di o d = d o d I, for all i, j=1,2,…,n.  In fact, given r in R, we have

r = x ] = (xir)xj + xidj(r) = rxixj + di(r)xj + dj(r)xi  + (diodj)(r). In the same way one finds that x r = rxjxi + dj(r)xi + di(r)xj + (djodi)(r). The result follows by equating the right hand sides of those two equations.

  1. ii) If there exist, however, x’s in Sn not commuting to each other, this does not mean that the same must happen with the derivations of D. An example illustrating this situation is the n-th Weyl algebra An(T) over a ring T, n  (see example 2.5, iii).  In fact, the elements of An(T) are polynomials over T and therefore, as we have shown above, the derivations of D commute to each other, whereas the x’s don’t commute (Example 2.3).

iii)  SPRs in finitely many variables over a ring R, not necessarily commuting to each other, with respect to a finite set of derivations of R have been firstly introduced by Kishimoto [12]. In those SPRs, which need not be ISPRs over R, multiplication is defined by the first (only) of rules (10) and the distributive law.

We shall close this article by mentioning some important properties of the special class of ISPRs defined in this Section, which have been proved in earlier works of the present author. For this, it is necessary to recall the following definitions:

Definition 3.5: A derivation d of a ring R is called an inner derivation induced by an element s of R, if d(r)=sr-rs, for all r in R. A derivation of R which is not inner is called an outer derivation.

Note also that an outer derivation of R is possible to be extendable to an inner derivation of a SPR of derivation type over R. For example, d=  is an outer derivation of the polynomial ring R=T[x1] over a ring T, because x1 is a central element of R and d(x1)=1 . But d is extended to an inner derivation of A1(T)=R[x2,d] induced by x2, because, by the definition of multiplication in A1(T), we have that x2f=fx2+d(f), or d(f)=x2f-fx2, for all f in R.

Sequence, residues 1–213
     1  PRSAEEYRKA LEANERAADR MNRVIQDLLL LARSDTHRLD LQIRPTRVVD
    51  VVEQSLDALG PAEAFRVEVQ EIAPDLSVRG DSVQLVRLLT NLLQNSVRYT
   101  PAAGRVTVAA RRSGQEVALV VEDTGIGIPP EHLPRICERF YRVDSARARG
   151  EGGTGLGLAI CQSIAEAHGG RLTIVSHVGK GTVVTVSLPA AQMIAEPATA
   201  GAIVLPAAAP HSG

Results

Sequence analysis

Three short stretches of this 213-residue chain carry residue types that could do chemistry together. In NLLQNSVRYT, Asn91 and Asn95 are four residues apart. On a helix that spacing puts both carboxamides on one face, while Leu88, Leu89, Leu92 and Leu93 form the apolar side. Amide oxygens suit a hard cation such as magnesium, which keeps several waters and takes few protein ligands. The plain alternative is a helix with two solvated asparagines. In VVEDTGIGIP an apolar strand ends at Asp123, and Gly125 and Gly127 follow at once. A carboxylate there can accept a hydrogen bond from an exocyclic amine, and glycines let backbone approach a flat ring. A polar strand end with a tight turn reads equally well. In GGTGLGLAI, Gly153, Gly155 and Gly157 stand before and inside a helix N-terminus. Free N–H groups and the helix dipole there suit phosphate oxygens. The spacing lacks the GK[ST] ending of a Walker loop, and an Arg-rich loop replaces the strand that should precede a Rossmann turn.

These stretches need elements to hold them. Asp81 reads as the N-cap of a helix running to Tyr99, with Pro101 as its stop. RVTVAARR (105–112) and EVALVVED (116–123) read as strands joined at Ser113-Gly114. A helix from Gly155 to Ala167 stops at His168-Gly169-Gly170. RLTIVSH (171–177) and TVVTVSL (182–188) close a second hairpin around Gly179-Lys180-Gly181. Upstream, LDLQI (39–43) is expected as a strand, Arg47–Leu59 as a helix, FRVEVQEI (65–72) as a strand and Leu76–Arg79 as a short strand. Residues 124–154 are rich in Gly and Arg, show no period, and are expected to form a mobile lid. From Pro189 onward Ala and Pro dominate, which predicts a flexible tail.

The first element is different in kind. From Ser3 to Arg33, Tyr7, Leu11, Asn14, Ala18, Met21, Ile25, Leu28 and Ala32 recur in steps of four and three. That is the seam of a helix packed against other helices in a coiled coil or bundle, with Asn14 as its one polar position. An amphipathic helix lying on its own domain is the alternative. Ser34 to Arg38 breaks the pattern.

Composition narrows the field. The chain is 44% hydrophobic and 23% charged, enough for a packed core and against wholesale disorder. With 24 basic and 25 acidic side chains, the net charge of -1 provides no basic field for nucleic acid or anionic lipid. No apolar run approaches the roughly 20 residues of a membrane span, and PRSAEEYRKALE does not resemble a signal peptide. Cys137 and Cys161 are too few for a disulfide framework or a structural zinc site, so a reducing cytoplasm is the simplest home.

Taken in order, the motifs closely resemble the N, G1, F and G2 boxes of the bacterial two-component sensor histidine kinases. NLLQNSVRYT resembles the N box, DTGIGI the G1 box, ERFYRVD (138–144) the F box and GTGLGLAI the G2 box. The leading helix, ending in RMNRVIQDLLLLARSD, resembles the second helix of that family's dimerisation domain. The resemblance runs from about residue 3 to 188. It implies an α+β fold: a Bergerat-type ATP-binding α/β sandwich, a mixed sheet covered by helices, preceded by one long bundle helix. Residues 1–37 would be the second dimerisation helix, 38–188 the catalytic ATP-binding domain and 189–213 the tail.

Definition 3.6: Let R be a ring and let D be a set of derivations of R. Then an ideal I of R is called a D-ideal, if d(I) I  for all derivations d in D , and R is called a D-simple ring if it has no non trivial D-ideals.

Every D-simple ring R contains the field F= C(R) ker d], where C(R) denotes the center of R, therefore R is either of characteristic zero or of a prime number p. Non commutative D-simple rings exist in abundance, e.g. every simple ring R is D-simple for any set D of derivations of R. Characteristic examples of commutative D-simple rings can be found in [13].

Definition 3.7: Let D be a set of derivations of a ring R. Then, a D- ideal I of R is called D-prime ideal, if, given any two D-ideals A, B of R such that AB I, is either A , or B . Also, I is called D-semiprime ideal, if for all D-ideals A of R and any positive integer k such that Ak , is A .

Remarks 3.8:

(i) Let R be a ring of characteristic zero and let D={d1,……, dn} be a finite set of derivations of R commuting to each other. Set S0=R and assume that R is a D-simple ring and that di is an outer derivation of Si-1, for i=1,2,…,n. Then Sn=R[x; D] is a simple ring ([14], Theorem 3.4).

Conversely, if Sn=R[x; D] is a simple ring, then no element of D is an inner derivation of R induced by an element of , where Kerd is the kernel of d, and R is a D-simple ring ([14], Theorem 3.3).

Analogous results, with a little bit more complicated statement, hold if R is of prime characteristic ([15], Theorems 2.3 and 2.4).

As an immediate consequence of the previous results, if R is a commutative ring, then Sn=R[x; D] is a simple ring, if, and only if, R is a D-simple ring.

 (ii) Let R, D and Sn be as in the previous remark. Then, if P is a prime ideal of Sn, P R is a D-prime ideal of R ([16], Theorem 2.2]. Conversely, if I is a D-prime ideal of R, then ISn is a prime ideal of Sn ([16], Theorem 2.6). Analogous relations hold among the semiprime ideals of Sn and the D-semiprime ideals of R [17].

4. Conclusion

The study of SPRs used to be of great theoretical importance for the abstract Algebra some decades ago, but the recent renewal of interest about them is due to the fact that they have found practical applications too.  In this work a special class of ISPRs over a ring R with respect to a finite set D of pairwise commuting derivations of R was constructed. The simplicity of those ISPRs is connected to the D-simplicity of R and their prime ideals correspond to D-prime ideals of R. The attempt to obtain further properties of those ISPRs with respect to corresponding properties of R could be a good hint for future research on the subject.